This was a cool feature that I thought (and still hope) that the people impacted by our study might be interested in seeing and exploring for themselves.

## Easily regenerate figures

Remember the last time you needed to get figures together for a presentation or poster? If you’re like me, you probably wanted to tweak things a bit from your manuscript figure. Even if you wanted to make a simple change to the text size, it probably involved digging through old R scripts, wading through code to find the right figure plots, and then praying that the code still runs. The largest benefit of having the R package for me so far, has been for easily making the figures, and if you’re going to do anything for your paper I would suggest doing this.

All of the data contained within the figures can be packaged in with the plotting functions. That means that outputting the figures is quick and foolproof, because you don’t need to regenerate the data (something I know Claus Wilke has advised in a lab meeting at some point in time). I also included the ability to plot only single panels from the multi-panel plots, which will help make presentation slides without having to clip out the letters or worry about resolution. You could further change the text size and ratios using the save_plot() function from within the cowplot package.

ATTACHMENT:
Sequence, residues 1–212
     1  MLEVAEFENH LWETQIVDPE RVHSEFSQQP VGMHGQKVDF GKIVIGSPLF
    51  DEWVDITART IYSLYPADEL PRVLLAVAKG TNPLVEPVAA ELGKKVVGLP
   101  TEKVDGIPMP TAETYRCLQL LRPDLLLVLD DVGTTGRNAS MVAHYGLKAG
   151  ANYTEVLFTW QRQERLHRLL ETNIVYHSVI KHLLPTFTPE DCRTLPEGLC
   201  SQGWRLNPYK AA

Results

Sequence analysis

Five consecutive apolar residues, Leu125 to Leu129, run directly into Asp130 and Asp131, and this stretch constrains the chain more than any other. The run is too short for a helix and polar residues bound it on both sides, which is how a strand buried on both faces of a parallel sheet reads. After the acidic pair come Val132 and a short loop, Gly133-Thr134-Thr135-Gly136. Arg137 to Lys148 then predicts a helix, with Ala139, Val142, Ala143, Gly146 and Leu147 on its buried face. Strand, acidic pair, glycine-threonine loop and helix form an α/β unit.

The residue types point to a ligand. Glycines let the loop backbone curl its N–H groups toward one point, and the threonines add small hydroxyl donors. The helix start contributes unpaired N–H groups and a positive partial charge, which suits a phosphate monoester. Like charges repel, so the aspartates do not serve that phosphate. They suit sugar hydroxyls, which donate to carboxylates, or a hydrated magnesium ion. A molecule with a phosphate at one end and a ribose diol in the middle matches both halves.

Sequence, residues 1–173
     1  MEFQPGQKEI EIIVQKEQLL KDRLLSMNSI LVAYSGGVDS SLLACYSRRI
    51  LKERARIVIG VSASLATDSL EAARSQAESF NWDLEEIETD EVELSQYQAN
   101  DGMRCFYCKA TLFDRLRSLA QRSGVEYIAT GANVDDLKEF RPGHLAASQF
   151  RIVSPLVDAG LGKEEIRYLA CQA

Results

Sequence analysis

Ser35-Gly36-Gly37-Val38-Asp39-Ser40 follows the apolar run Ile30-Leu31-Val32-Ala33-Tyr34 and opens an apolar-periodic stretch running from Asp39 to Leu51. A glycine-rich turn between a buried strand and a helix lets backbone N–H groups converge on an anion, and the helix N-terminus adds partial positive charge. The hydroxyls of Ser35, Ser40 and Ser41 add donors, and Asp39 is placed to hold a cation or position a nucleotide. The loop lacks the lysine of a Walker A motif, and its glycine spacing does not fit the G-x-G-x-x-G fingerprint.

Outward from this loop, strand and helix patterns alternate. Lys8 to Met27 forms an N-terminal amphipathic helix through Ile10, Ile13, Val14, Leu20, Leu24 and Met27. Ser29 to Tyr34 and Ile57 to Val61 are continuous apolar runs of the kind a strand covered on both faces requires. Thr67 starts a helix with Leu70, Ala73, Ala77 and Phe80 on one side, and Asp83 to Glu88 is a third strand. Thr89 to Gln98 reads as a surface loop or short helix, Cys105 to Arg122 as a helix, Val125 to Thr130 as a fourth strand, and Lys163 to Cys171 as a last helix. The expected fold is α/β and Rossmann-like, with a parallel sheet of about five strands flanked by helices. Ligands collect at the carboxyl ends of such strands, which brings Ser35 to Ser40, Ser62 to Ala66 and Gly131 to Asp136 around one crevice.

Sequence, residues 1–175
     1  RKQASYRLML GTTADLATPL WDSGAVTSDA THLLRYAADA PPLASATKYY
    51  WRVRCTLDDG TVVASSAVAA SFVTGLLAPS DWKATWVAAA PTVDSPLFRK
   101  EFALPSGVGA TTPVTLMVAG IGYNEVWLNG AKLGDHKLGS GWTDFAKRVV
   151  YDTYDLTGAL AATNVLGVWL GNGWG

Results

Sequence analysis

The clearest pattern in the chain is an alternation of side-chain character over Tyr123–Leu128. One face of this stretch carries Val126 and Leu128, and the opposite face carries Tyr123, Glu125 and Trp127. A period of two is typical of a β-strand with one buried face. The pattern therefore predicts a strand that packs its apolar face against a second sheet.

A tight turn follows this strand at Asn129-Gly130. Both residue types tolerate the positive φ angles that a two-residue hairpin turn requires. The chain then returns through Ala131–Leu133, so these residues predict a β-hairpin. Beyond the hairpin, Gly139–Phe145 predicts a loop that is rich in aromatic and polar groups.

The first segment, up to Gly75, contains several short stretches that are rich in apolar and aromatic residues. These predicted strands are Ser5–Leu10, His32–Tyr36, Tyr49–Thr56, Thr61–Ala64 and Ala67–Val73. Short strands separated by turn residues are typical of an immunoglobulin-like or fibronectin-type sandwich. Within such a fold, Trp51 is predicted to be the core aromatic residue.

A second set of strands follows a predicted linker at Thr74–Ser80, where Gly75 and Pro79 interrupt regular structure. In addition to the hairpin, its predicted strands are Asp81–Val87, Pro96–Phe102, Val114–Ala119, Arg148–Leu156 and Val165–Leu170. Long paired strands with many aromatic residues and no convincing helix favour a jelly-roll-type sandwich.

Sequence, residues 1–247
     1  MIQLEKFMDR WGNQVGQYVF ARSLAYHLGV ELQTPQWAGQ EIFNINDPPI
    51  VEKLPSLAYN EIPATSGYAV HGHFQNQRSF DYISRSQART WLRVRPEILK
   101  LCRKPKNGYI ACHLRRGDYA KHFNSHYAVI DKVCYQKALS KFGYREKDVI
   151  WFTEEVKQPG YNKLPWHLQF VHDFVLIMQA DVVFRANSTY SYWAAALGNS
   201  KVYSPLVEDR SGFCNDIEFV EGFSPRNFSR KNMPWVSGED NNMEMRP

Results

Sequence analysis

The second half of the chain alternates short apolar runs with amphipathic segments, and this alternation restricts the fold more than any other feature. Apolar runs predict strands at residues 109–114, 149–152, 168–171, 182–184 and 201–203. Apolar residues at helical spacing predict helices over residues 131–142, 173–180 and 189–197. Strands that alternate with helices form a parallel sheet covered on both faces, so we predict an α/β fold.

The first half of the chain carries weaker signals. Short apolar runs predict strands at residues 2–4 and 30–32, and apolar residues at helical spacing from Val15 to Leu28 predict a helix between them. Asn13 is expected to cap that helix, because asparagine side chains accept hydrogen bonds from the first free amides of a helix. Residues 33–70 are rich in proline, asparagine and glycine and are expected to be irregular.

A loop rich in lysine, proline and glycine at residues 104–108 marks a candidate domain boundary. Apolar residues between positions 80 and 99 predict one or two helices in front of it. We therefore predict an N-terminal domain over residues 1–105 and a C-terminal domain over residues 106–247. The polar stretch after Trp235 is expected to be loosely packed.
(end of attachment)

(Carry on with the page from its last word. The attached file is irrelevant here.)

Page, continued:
plot_fig2(panels = "a")

or if you’d like to say remove one of the layers, you can customize it by looking at the layers of the ggplot and removing the layers you don’t want to be plotted. So let’s remove the points and text from the previous plot.